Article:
National

National parks for retired expats to visit

Written by Marisol

Costa Rica is world famous for its natural wonders. One of the guests on my monthly relocation tours referred to the country as a “nature lover’s Disneyland.” He was spot on in that there are scores of activities for nature lovers found here.

Costa Rica’s national parks are just one of its main attractions. To date Costa Rica has 28 national parks, 58 wildlife refuges, 32 protected zones, 15 wetland areas/mangroves, 11 forest reserves and 8 biological reserves, as well as 12 other conservation regions that protect the distinctive and diverse natural habitats found throughout the country.

Here are just a few of the country’s most popular parks that retired expats, tourists and Costa Ricans can enjoy.

Poás volcano:

Located next to the city of Alajuela, this active volcano boasts one of the largest craters  in the world. For those who do not like to travel far, the volcano is a good option  since it is in the country’s central valley. A variety restaurants and other venues are found in the vicinity.

Irazú volcano:

Located high above the city of Cartago at around 10,000 feet, this giant it is a sight to behold. One can virtually experience a birds-eye-view when looking at the landscape below. Most people only experience this sensation while peering through the window of an airplane except this panoramic view is even more spectacular.  

Turrialba volcano:

Often referred to by the locals as “Turri,” this volcano is a must for those who like to hike.  There are other outdoor activities nearby like the Guayabo Archaeological monument.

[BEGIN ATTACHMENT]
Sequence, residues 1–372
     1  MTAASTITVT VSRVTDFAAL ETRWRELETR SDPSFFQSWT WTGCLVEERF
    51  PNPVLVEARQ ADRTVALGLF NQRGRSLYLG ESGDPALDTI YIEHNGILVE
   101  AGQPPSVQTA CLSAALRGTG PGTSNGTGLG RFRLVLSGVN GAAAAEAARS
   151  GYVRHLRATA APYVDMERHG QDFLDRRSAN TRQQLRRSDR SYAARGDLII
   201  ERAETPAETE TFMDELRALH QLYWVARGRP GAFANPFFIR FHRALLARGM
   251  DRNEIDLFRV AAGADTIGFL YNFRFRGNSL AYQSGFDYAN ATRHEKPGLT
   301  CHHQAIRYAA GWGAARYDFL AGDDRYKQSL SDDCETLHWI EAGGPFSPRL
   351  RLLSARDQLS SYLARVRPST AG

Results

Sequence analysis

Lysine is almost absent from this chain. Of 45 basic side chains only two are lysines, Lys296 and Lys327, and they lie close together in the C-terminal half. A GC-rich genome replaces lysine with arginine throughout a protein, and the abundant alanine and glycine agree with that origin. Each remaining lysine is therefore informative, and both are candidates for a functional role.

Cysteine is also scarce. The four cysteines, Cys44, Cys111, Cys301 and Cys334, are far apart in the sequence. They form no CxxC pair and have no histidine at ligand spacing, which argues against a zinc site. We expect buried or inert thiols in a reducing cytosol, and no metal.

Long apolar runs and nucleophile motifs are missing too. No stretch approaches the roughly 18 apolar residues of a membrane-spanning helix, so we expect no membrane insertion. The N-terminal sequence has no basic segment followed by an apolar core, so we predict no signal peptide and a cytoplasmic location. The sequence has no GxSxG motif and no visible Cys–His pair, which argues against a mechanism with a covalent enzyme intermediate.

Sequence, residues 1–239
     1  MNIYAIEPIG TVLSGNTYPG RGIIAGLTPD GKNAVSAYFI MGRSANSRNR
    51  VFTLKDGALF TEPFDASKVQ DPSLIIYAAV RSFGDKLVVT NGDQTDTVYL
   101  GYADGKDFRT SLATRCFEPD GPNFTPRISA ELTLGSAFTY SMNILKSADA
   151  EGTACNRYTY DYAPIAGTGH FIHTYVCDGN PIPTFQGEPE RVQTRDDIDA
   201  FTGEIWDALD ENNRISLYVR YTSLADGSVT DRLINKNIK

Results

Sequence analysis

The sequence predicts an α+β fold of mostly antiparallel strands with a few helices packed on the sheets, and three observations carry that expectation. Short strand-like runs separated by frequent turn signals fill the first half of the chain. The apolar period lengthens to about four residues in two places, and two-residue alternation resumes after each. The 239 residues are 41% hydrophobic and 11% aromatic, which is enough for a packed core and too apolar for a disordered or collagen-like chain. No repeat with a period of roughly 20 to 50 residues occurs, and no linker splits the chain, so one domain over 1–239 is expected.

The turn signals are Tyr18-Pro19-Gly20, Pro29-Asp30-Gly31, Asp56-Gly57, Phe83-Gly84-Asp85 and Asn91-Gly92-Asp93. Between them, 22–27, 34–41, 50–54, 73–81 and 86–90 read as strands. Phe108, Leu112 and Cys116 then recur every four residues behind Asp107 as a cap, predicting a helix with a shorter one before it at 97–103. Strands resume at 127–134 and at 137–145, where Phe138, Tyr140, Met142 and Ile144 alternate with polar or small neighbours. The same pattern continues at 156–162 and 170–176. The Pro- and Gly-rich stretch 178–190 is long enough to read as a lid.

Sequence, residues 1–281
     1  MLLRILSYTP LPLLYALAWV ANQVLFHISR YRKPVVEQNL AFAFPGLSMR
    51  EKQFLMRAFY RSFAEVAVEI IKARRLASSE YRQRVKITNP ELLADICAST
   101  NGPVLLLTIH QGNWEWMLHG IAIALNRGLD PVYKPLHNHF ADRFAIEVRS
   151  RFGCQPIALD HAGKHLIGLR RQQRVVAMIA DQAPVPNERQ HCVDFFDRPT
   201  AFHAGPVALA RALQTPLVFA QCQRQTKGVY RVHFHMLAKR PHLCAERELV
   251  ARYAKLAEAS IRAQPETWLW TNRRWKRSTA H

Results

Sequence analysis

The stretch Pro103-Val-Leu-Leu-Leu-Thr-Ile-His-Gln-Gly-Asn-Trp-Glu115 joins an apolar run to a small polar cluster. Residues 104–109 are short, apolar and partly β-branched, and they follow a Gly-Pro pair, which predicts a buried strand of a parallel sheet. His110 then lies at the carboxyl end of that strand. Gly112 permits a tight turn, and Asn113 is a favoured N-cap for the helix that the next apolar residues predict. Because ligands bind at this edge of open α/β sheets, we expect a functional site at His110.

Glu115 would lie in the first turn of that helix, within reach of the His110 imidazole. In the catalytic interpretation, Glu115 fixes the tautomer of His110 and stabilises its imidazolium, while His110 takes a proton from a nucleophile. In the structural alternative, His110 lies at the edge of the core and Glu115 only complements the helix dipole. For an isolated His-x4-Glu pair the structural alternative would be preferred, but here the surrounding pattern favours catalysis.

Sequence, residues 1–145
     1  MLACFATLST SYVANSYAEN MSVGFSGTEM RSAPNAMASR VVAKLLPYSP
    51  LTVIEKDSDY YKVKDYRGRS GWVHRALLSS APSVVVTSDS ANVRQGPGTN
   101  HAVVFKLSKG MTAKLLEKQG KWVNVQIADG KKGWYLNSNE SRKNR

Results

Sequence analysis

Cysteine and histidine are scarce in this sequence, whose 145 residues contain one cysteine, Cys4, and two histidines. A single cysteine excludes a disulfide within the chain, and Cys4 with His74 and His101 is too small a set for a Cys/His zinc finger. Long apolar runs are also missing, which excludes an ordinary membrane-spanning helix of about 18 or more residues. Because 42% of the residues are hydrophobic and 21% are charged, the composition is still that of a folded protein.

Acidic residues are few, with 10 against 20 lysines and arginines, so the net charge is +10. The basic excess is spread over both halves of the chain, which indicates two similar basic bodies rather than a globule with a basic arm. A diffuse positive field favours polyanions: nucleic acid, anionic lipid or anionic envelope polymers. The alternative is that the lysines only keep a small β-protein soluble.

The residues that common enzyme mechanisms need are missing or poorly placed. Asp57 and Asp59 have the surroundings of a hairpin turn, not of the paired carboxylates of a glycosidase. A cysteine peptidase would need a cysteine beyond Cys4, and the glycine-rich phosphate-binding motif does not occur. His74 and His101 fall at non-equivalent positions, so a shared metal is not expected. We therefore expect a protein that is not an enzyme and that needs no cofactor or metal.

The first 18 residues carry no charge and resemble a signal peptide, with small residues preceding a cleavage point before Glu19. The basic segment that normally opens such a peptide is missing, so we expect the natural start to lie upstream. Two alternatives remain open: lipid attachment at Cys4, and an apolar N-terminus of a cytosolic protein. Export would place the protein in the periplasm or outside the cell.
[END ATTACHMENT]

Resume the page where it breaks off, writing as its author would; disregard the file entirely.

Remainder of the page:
Tenorio volcano:

The crater is not accessible but there are trails for hiking. However, the main attraction is the proximity of Río Celeste, famous for its distinctive turquoiseblue colored water produced by a chemical reaction.  The river borders several hot springs and has one large waterfall. Río Celeste is truly a natural wonder and has to be seen to be believed.

Tortuguero:

Known for its nesting turtles and wetlands (humedales), Tortuguero National Park is located in Costa Rica’s  northeastern Limón Province.

Besides its beaches the area features rivers teeming with wildlife. Visitors can explore these waterways by boat and see a variety of fauna like monkeys, sloths, parrots, crocodiles, caimans and other exotic and indigenous species.

Cahuita:

Cahuita National Park was established in 1970 to protect a large coral reef off the Caribbean coast. It features gorgeous white sand beaches, a verdant and lush jungle, and an abundance of flora and fauna. Visitors can also  sample the area’s unique Afro-Caribbean culture in and around the town of Cahuita. Try some of the local mouth-watering dishes when visiting.

Manuel Antonio:

World-famous Manuel Antonio is one of the country’s national treasures. Its paradisiacal beaches and flora and fauna stand out. When viewed from above, at the Hotel Mariposa, the site is absolutely breathtaking. The sunsets from are even more spectacular. I always joke with the groups of clients on my retirement tours that after viewing this particular  sunset they will be ready to sign on the dotted line to live here.

To find out more about living and daily life in Costa Rica or to have your questions answered, talk with Christopher Howard at 877-884-2502 or 011-506-8849-0081


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